Advances in molecular, genetic, and cell biological techniques have allowed neuroscientists to delve into the cellular machinery of learning and memory. The calcium and calmodulin-dependent kinase type II (CaMKII) is one of the best candidates for being a molecular component of the learning and memory machinery in the mammalian brain. It is present in abundance at synapses and its enzymatic properties and responsiveness to intracellular Ca2+ fit a model whereby Ca2+ currents activate the kinase and lead to changes in synaptic efficacy. Indeed, such plastic properties of synapses are thought to be important for memory formation. Genetic analysis of the alpha isoform of CaMKII in mice support the hypothesis that CaMKII signaling is required to initiate the formation of new spatial memories in the hippocampus. CaMKII is also required for the correct induction of long-term potentiation (LTP) in the hippocampus, consistent with the widely held belief that LTP is a mechanism for learning and memory. Recent cell biological, genetic, and physiological analyses suggest that one of the cellular explanations for LTP and CaMKII function might be the trafficking of AMPA-type receptors to synapses in response to neural activity.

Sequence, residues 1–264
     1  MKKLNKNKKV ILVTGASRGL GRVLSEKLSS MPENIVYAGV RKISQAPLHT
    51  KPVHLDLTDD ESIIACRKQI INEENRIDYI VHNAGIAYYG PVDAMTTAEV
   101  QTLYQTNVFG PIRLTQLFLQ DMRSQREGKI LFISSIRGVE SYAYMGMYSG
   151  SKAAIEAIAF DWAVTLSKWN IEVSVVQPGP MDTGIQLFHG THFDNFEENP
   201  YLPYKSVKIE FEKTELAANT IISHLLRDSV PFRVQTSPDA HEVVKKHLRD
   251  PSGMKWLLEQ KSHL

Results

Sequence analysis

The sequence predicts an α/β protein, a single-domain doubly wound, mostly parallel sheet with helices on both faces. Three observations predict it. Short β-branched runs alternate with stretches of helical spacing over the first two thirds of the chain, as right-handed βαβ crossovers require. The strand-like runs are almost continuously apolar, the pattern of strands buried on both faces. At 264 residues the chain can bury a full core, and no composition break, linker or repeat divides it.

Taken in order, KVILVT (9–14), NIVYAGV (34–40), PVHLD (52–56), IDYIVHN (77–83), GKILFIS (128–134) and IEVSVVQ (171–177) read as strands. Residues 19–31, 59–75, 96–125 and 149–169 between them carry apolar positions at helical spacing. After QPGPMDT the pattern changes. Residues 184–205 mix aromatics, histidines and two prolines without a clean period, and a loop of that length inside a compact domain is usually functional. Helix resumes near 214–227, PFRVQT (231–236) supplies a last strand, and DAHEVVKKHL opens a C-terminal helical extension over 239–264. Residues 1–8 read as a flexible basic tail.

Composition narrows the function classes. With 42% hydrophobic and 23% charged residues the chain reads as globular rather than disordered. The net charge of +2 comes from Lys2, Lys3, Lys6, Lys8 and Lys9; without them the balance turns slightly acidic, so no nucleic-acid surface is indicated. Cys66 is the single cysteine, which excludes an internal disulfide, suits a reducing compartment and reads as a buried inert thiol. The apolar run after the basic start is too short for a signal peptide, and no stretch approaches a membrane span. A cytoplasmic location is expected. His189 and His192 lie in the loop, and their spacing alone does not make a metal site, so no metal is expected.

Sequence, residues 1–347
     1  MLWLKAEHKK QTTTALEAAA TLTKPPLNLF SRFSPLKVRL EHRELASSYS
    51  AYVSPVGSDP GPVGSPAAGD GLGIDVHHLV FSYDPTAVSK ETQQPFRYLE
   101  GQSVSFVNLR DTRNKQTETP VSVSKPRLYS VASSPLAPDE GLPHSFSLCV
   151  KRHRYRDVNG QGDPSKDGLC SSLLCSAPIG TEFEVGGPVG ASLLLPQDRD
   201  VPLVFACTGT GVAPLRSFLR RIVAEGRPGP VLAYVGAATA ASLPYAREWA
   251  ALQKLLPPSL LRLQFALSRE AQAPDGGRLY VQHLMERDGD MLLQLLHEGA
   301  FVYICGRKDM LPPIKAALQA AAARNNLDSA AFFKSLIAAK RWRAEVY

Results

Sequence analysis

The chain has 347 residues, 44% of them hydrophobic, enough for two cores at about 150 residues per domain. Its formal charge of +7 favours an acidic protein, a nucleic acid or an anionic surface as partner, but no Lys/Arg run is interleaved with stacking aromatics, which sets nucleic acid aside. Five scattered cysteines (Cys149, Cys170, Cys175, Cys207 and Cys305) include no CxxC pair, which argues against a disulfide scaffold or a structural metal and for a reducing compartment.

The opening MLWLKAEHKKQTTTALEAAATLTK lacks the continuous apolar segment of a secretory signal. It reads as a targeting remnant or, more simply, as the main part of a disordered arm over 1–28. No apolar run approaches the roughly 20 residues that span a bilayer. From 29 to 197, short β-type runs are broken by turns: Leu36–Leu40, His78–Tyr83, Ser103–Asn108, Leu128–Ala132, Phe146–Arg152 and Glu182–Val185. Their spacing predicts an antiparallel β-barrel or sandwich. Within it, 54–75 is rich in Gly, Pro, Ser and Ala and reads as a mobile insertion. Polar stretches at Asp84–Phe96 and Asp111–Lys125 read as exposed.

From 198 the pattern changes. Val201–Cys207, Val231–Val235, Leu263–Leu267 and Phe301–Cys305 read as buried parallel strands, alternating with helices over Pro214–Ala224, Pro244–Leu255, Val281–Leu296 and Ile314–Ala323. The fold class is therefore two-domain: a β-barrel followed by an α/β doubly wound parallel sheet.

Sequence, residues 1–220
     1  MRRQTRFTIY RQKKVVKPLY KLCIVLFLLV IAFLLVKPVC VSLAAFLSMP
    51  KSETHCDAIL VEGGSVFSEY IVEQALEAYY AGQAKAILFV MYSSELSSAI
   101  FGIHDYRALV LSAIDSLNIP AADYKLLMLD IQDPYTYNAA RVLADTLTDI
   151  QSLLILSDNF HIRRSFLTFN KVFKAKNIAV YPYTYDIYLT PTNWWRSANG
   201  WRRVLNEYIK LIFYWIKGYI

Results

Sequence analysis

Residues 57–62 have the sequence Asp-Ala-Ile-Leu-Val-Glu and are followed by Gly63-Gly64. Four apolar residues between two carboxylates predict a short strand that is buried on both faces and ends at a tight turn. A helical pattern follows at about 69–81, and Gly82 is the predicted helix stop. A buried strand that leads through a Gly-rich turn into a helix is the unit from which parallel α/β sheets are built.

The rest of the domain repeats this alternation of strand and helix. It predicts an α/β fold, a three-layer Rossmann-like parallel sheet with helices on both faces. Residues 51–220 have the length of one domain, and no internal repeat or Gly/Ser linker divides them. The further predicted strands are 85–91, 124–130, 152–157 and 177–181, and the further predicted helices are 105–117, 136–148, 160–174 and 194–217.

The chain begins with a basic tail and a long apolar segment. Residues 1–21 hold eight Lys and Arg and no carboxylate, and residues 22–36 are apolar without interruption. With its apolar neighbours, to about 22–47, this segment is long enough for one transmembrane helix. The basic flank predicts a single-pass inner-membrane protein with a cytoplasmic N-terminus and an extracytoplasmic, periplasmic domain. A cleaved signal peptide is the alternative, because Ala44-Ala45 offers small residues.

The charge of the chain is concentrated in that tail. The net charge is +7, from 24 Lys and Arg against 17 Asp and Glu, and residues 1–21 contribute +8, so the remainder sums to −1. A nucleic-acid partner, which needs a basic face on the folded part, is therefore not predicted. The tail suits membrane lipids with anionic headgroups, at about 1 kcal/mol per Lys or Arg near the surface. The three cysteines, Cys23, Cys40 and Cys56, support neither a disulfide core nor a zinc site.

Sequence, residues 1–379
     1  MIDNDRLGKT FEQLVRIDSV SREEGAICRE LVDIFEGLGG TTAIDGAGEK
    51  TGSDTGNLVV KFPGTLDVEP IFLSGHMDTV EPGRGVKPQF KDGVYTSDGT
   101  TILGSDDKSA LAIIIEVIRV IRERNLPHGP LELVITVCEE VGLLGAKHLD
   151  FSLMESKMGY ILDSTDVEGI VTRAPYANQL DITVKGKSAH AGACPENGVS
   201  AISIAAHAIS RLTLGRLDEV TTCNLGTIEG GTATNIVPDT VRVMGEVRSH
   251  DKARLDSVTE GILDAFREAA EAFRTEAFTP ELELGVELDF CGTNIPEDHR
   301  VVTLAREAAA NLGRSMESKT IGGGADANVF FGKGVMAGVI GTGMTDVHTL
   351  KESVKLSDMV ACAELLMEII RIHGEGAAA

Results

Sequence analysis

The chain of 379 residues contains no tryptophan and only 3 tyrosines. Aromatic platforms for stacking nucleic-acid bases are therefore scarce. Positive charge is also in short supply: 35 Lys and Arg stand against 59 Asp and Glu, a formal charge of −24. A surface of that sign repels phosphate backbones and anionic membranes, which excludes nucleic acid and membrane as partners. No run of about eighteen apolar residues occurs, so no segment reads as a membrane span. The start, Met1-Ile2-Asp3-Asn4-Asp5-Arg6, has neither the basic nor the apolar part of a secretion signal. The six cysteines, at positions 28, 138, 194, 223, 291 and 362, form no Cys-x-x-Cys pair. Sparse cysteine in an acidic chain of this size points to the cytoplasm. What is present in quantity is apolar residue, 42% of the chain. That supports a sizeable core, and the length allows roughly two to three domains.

All Science Journal Classification (ASJC) codes
- Biochemistry, Genetics and Molecular Biology(all)